No one can exhort others unless he shows them an example first. Therefore, each one of us must ask the grace of genuine holiness in our private, domestic, professional, social life.
To neglect prayer in order to do more work is a ruinous expedient. Work done to the detriment of prayer gains nothing for ourselves or others.

Wednesday, September 21, 2005

Ah, Narnia!

NarniaWeb interviewed Douglas Gresham, C.S. Lewis' step-son who has been heavily involved in the creation of the upcoming (and much anticipated) live-action version of The Lion, The Witch and the Wardrobe. Here is a winsome exchange:
NarniaWeb: How much time did you get to spend in New Zealand?

Douglas Gresham: I made three or four trips out there last year spending a total of probably about four or five very enjoyable weeks in all. It’s a bit hard to remember exactly as the time seemed to go past very quickly while I was there, but when I got home after spending a week or so in Narnia, it seemed as if I had been away for ages and yet no time had passed. I suppose I should have expected that.
Thanks to Bill Bader for the tip.

Read the rest of it here.

Saturday, September 17, 2005

Face the Truth or face the grandchildren

Today Delaware Right to Life is holding their monthly Face the Truth demonstration outside the Planned Parenthood building right on Delaware Avenue in Newark, three blocks from the University. I try to make every one of those demonstrations so I can hold a poster and flash the peace sign at everyone who goes by. Sometimes people I know will wave, sometimes I'll see them see me and quickly look away. Newark is a small university city.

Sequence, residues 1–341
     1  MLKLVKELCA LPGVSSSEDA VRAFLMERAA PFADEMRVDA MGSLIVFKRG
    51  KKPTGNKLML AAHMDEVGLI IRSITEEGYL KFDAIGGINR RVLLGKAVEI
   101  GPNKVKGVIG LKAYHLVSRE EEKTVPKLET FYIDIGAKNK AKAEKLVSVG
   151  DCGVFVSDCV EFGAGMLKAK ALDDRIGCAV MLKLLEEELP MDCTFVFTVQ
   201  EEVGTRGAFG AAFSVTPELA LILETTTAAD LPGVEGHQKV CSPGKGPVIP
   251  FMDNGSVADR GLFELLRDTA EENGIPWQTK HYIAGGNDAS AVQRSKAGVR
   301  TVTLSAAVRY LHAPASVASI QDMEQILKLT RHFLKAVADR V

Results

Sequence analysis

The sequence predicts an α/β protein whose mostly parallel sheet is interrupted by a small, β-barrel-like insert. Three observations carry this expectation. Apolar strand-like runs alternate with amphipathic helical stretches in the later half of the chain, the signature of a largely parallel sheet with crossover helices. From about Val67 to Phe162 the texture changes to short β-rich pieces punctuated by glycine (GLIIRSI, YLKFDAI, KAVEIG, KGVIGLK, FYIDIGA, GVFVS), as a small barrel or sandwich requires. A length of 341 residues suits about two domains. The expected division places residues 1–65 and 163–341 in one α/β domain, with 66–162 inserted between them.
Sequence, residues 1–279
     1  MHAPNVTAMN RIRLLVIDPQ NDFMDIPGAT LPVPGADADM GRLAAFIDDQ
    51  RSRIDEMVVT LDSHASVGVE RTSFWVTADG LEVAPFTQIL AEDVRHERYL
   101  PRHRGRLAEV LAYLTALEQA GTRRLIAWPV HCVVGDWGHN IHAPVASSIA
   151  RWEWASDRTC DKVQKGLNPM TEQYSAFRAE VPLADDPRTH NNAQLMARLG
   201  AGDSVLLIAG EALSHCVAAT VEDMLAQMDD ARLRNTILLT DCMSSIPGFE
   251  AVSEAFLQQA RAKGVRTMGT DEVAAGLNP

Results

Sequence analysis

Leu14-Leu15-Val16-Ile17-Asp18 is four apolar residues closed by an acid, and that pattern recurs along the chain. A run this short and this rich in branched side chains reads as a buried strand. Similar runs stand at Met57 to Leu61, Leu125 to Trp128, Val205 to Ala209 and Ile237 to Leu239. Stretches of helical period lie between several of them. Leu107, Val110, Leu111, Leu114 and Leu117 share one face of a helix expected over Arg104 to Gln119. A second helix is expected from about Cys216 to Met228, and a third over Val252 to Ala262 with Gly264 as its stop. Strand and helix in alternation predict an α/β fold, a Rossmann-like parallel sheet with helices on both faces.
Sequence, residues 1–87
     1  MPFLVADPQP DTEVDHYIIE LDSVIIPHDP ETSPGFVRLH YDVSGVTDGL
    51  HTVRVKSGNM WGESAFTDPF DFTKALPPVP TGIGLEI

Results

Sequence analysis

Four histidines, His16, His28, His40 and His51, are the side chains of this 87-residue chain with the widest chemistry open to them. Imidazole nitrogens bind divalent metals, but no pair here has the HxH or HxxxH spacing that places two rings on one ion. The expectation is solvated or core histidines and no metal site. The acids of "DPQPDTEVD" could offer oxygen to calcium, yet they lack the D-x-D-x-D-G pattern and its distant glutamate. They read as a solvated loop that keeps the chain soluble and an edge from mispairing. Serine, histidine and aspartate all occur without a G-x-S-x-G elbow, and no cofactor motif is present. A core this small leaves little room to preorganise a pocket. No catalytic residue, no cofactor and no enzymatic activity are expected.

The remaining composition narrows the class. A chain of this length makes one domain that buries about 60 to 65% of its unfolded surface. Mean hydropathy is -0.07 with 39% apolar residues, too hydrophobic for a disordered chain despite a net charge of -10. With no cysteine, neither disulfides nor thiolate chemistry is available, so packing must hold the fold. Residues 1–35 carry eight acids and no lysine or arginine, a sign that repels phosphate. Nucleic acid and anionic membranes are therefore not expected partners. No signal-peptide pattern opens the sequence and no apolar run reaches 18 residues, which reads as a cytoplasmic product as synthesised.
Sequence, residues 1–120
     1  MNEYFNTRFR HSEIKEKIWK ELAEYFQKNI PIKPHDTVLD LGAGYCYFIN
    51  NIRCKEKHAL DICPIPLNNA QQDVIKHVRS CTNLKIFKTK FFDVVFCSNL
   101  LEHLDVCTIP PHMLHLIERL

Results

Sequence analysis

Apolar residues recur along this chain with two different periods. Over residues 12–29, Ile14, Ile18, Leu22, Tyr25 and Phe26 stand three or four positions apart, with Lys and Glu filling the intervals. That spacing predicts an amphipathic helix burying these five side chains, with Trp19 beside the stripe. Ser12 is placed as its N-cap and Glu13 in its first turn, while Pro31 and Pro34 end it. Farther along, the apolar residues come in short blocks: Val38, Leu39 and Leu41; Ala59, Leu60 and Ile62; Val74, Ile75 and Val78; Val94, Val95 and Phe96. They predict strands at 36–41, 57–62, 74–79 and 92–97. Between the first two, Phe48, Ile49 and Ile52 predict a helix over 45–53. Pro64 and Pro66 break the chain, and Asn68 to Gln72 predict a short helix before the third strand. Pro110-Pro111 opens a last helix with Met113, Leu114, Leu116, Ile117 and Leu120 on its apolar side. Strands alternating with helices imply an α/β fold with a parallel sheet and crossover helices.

So I looked forward to being out there again today. But then I found out that my granddaughter Ruth's first soccer game was taking place at the same time. So I'm off to soccer. One thing I regret is that I didn't attend each and every sports event of my own children. I had a lot of excuses, especially having so many little ones I was caring for. But looking back, I wish very much that I had.

So my grandchildren will benefit. And today I will not try to save the world but enjoy my family.

Friday, September 16, 2005

re-criminalize abortion?

Catholic Scholars' debate on the re-criminalization of abortion held last night at the University of Delaware went well. Kate Rogers acquitted herself very nicely against Eileen McDonagh who argued that if a woman does not consent to pregnancy she has a right to take lethal force against the fetus who is "hijacking" her body and forcing it to undergo serious harm including the growing of a new organ (the placenta).